Brazilians Face Population Dilemma
TELEMACO BORBA, BRAZIL
THE local paper mill in this southern city of 65,000 began a family-planning program in 1977 for its employees, which helped bring the average number of children per couple down to 2.2, from more than five. Today the program has expanded beyond the mill, with the Klabin Company offering its resources and expertise to the population at large, in concert with the city government.Skip to next paragraph
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"At the beginning, the [Roman Catholic] Church was radically against this. But today, seeing the relevance and social usefulness of it, the priests and nuns are our allies," says Virgilio Castello Branco, the mill's administrative director.
Questioned in a telephone interview, the local Catholic bishop, Dom Murilo Sebastiao Ramos Krieger, at first says he has no knowledge of the Klabin program. After making inquiries with the local priest about it, he later explains: "It's impossible to fight these things in every corner of the country. The city serves everyone; the church serves its own. It gives a general orientation [on birth-control policy but] ... the method of Christ was to show the ideal, not to use coercion."
Some top church officials here have expressed concern about the growing use of birth control in the world's largest Roman Catholic country. But even they appear resigned to the new reality - long familiar in the industrialized nations - that most Catholics have come to separate their reproductive decisions from their faith. In the process, they have removed one major barrier to solving the problem of runaway population growth.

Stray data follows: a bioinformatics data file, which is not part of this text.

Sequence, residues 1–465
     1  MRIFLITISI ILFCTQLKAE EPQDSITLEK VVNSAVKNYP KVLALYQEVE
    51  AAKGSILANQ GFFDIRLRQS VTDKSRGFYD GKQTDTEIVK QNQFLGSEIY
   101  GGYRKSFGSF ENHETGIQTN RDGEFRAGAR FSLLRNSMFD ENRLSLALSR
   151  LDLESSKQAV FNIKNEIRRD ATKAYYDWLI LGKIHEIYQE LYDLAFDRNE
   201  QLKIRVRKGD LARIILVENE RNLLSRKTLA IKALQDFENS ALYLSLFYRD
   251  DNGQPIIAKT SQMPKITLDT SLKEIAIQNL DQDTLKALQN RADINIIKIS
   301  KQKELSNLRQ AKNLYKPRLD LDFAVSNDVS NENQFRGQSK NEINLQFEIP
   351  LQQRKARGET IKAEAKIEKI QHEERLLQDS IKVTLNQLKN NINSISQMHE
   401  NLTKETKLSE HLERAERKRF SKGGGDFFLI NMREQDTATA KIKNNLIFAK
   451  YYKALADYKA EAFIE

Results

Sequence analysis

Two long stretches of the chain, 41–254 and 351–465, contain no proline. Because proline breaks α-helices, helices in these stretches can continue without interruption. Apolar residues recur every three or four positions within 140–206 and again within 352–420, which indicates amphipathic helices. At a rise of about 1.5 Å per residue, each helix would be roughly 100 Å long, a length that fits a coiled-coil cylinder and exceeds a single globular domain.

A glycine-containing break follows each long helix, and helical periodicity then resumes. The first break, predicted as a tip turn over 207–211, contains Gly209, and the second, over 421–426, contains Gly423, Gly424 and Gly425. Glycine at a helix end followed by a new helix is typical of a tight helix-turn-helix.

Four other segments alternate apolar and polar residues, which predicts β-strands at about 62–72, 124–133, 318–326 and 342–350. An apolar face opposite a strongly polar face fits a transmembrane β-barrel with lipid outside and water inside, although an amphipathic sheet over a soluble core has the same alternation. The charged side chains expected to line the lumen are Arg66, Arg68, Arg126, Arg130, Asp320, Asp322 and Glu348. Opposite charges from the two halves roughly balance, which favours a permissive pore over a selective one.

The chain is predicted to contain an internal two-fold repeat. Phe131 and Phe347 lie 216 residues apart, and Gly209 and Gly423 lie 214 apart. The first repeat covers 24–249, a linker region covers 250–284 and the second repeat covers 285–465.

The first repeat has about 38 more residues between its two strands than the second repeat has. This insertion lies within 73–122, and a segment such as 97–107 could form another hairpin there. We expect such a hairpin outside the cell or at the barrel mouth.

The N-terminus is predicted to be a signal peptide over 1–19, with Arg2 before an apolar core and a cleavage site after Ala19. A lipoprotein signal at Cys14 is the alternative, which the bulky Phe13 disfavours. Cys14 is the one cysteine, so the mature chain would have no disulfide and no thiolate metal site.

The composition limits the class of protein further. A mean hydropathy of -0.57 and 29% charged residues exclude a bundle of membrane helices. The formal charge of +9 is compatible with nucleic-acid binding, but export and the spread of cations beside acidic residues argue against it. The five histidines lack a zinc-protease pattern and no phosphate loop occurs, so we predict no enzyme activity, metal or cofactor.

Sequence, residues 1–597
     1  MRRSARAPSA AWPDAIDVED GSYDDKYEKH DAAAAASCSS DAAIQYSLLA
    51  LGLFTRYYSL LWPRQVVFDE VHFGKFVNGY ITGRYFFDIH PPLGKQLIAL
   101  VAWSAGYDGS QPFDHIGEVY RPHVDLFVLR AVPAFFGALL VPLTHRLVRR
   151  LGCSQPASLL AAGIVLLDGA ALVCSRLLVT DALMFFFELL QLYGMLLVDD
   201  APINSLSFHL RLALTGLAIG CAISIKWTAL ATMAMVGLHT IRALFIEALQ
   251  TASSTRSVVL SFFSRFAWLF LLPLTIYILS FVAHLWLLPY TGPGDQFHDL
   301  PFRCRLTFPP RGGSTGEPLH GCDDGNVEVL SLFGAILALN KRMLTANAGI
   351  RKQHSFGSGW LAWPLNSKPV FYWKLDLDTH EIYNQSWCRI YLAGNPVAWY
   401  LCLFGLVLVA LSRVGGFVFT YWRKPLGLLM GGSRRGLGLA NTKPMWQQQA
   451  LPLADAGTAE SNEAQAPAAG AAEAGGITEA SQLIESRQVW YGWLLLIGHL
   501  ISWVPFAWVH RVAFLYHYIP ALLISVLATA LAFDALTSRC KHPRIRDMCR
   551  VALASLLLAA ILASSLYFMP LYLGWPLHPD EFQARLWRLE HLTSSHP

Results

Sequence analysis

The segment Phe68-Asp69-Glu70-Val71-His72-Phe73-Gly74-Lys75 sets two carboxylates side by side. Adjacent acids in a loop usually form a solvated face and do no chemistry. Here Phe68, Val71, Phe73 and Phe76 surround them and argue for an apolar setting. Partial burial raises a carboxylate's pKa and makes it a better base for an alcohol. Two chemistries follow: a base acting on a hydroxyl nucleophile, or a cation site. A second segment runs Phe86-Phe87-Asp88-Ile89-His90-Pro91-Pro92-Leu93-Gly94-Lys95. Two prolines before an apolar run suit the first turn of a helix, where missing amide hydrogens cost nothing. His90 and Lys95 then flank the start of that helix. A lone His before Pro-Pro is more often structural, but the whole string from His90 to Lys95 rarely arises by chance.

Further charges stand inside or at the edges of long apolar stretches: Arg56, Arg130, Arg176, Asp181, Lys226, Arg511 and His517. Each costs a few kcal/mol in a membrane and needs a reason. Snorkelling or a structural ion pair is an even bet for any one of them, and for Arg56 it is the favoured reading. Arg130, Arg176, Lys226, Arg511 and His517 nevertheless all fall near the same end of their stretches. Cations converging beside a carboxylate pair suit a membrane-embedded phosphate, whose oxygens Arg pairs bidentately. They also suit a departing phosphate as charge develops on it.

"The increasing acceptance of contraception and family planning by Catholics will contribute significantly to global efforts to reduce population-growth rates," says a senior United Nations population expert, who asked not to be named.
The determination to make individual decisions is one manifestation of a historic transformation of attitudes toward family planning that has taken place in the shadow of a church that has long opposed efforts to interfere with conception.
It is reflected in a widening division of views within the church itself as local clerics and parishioners, faced daily with the grim consequences of rapid urbanization and overpopulation in Latin America and Africa, part ways with the strict mandate of Rome.
"Is the Roman Catholic Church against family planning?" asks Paul Burgess, a former priest and Vatican official who is an expert on population issues. "If by the church you mean the hierarchy and the bishops in Rome, the answer is yes. If by the church you mean the clergy and the laity, the answer is no. At the level where it counts, the Catholic Church practices birth control.
"Of course local priests don't support family planning and the use of contraceptives publicly," he adds. "But most turn a blind eye."
"The issue of controlling births is very delicate," comments church spokesman Almir Ribeiro Guimaraes, family-affairs adviser to the Brazilian National Bishops Council in Brasilia. "The church supports natural methods of birth control. But it is against abortive methods and all other methods which affect nature. This is because of our profound respect for life."
Because a papal encyclical bans modern methods of birth control, family-planning agencies in Latin America have often sidestepped direct confrontation with the church. They have based their arguments for child-spacing, for example, on the need to protect the health of mother and child, without reference to limiting family size.
The most effective argument used with local clerics has been that if the church is serious about stopping abortion it must back family planning to reduce the number of unwanted pregnancies.
In countries like Mexico and Colombia, aggressive government-backed programs have gone largely unopposed by local church leaders and have contributed to dramatic reductions in the average number of children per family, according to the Population Reference Bureau in Washington.